6: Polysome Separation to Determine the Ribosomal Occupancy of P. falciparum

  1. Place 5 ml of 15% sucrose solution (400 mM potassium acetate, 25 mM potassium HEPES, pH 7.2, 15 mM magnesium acetate, 200 µM cycloheximide, 1 mM DTT, 1 mM PMSF, 40 U/ml RNase Inhibitor, and 15% sucrose) into a SW41 ultracentrifuge tube (14 x 89 mm).
  2. Using a 5 ml syringe, add 5 ml of 50% sucrose solution (400 mM potassium acetate, 25 mM potassium HEPES, pH 7.2, 15 mM magnesium acetate, 200 µM cycloheximide, 1 mM DTT, 1 mM PMSF, 40 U/ml RNase Inhibitor, and 50% sucrose) underneath the 15% sucrose using a long steel needle, then remove the needle.
  3. Seal the top of the gradient tube with Parafilm, tilt the tube slowly onto its side, in a stable position to prevent rolling, so it is lying horizontally on the tabletop. Keep the tube on its side for at least 2 hr. While waiting, start with step 6.5.
  4. After 2 hr, slowly tilt the tube back upright and transfer the tube to ice, allowing it to cool for at least 15 min prior to sample loading (step 14).
  5. Collect enough Plasmodium-infected blood stage culture to generate 100-500 µg of total RNA, or roughly a 100 ml asynchronous culture at 3-5% parasitemia. Add 1/10th that volume of culture medium containing 10x (2 mM) cycloheximide (CHX) and incubate at 37 °C for 10 min.
    1. Pellet cultures by centrifugation at 500 x g for 7 min with the centrifuge (brake 1), then wash twice with room temperature 1x PBS containing 200 µM CHX. Resuspend the parasite cultures in 1x PBS containing 200 µM CHX and store on ice.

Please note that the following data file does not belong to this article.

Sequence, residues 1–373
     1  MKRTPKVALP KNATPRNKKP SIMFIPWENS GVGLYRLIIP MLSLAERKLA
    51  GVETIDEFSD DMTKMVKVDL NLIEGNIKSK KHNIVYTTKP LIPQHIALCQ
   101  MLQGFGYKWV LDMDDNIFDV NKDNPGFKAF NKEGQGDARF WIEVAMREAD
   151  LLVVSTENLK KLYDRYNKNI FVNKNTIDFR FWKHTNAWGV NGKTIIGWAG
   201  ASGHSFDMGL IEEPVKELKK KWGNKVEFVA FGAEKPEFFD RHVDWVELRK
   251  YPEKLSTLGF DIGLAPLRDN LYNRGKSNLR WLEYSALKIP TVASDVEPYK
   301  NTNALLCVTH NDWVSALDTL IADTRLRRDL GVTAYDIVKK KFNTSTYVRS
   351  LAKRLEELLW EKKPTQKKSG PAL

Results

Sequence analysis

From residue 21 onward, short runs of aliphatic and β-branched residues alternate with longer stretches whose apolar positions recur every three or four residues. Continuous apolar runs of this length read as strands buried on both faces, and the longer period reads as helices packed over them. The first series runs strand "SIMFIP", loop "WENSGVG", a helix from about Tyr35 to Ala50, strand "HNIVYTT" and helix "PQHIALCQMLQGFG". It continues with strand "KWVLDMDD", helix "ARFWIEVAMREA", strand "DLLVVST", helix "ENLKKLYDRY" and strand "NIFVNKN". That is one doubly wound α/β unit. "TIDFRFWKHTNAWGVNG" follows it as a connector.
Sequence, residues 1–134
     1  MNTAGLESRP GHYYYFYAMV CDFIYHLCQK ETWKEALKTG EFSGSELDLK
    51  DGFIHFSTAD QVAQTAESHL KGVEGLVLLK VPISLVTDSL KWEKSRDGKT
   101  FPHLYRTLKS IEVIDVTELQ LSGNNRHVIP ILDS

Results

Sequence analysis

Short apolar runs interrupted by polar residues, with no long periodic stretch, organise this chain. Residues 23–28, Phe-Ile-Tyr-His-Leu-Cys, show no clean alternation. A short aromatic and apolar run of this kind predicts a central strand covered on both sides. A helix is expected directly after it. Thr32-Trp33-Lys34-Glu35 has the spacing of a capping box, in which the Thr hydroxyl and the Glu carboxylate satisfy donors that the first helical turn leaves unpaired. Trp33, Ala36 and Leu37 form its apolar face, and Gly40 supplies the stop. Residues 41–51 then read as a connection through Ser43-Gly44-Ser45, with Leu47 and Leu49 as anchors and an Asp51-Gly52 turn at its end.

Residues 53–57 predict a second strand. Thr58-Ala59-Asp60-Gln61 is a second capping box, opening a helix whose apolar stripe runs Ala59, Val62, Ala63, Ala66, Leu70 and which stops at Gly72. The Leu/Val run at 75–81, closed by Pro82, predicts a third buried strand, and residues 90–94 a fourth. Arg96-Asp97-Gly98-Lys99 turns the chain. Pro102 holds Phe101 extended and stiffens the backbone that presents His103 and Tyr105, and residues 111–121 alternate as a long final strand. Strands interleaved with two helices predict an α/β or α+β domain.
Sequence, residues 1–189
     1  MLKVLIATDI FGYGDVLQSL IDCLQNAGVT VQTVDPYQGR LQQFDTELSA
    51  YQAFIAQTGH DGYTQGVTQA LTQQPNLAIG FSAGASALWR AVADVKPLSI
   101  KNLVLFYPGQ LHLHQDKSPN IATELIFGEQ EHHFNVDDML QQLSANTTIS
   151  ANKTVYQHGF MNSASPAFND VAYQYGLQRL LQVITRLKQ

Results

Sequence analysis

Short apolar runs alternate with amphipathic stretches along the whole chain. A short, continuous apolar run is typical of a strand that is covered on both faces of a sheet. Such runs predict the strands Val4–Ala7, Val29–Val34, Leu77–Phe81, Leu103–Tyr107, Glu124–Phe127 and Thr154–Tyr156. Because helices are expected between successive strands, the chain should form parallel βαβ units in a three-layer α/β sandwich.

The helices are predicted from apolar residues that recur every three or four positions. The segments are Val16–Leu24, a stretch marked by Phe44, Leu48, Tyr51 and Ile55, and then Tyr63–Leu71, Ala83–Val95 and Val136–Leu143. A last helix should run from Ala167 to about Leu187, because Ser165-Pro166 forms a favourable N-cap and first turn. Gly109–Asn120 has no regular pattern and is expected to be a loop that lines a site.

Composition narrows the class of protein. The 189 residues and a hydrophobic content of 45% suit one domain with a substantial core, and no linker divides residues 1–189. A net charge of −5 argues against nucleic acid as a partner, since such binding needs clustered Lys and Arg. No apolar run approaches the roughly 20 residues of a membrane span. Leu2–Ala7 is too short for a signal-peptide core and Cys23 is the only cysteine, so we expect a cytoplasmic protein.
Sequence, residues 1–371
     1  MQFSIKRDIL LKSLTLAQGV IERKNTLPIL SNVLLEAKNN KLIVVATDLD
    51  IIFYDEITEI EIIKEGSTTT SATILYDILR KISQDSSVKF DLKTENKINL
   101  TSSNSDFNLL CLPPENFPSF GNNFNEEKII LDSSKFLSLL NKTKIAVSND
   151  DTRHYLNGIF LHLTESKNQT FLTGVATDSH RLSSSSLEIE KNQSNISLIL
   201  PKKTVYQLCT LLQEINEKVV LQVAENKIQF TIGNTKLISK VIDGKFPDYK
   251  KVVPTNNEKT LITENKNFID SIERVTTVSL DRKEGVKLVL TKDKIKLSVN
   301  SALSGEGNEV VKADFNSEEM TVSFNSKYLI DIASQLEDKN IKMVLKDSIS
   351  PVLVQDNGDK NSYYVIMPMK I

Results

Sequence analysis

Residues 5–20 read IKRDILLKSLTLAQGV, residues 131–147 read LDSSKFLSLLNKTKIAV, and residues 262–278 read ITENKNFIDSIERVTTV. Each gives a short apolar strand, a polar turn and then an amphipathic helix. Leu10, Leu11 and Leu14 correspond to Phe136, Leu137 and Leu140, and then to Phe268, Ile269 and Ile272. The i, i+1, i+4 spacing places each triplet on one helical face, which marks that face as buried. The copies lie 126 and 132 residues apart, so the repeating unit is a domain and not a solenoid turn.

6. Estimate the volume of the RBC pellet. Add lysis buffer (400 mM potassium acetate, 25 mM potassium HEPES, pH 7.2, 15 mM magnesium acetate, 200 µM CHX, 1 mM DTT, 1 mM PMSF, 40 U/ml RNase Inhibitor, 1% (v/v) IGEPAL CA-630, and 0.5% (w/v) DOC) to the RBC pellet to a final volume of 4.25 ml. Incubate the lysate at 4 °C for 10 min while rotating.
  7. Transfer the lysate to microcentrifuge tubes, and then centrifuge the samples in a microcentrifuge at 16,000 x g and 4 °C for 10 min.
  8. Prepare sucrose cushions by pipetting 1.25 ml of cold 0.5 M sucrose cushion solution (400 mM potassium acetate, 25 mM potassium HEPES, pH 7.2, 15 mM magnesium acetate, 200 µM cycloheximide, 1 mM DTT, 1 mM PMSF, 40 U/ml RNase Inhibitor, and 0.5 M sucrose) into a SW55 ultracentrifuge tube (13 x 51 mm).
  9. Carefully layer 3.75 ml of lysate supernatant (from step 7) on top of the sucrose cushion using a syringe and small (~27) gauge needle. Store the remaining lysate (~500 µl) at -80 °C to extract total RNA levels, as indicated in section 1.
  10. Load the samples into an ultracentrifuge rotor, pre-chilled to 4 °C, which can hold 13.2 ml tubes. Centrifuge the samples at 366,000 x g and 4 °C for 146 min.
  11. Using a pipette, transfer the supernatant into a 15mL conical tube. Store the supernatant at -80 °C for RNA isolation of free (unbound by ribosomes) RNAs.
  12. Resuspend the ribosome pellet in 500 µl of ribosome resuspension buffer (400 mM potassium acetate, 25 mM potassium HEPES, pH 7.2, 15 mM magnesium acetate, 200 µM cycloheximide, 1 mM DTT, 1 mM PMSF, and 40 U/ml RNase Inhibitor) by pipetting for 5 min.
  13. Centrifuge the samples in a microcentrifuge at 16,000 x g and 4 °C for 10 min.
  14. While keeping the gradient from step #4 on ice, remove the Parafilm, then carefully layer the ribosome suspension on top of the gradient using a syringe and small (~27) gauge needle.
  15. Load the tube into a pre-chilled ultracentrifuge rotor and centrifuge the loaded gradients at 200,000 x g and 4 °C for 180 min. When the spin is completed, store centrifuged gradients at 4 °C until ready to load onto the fractionator.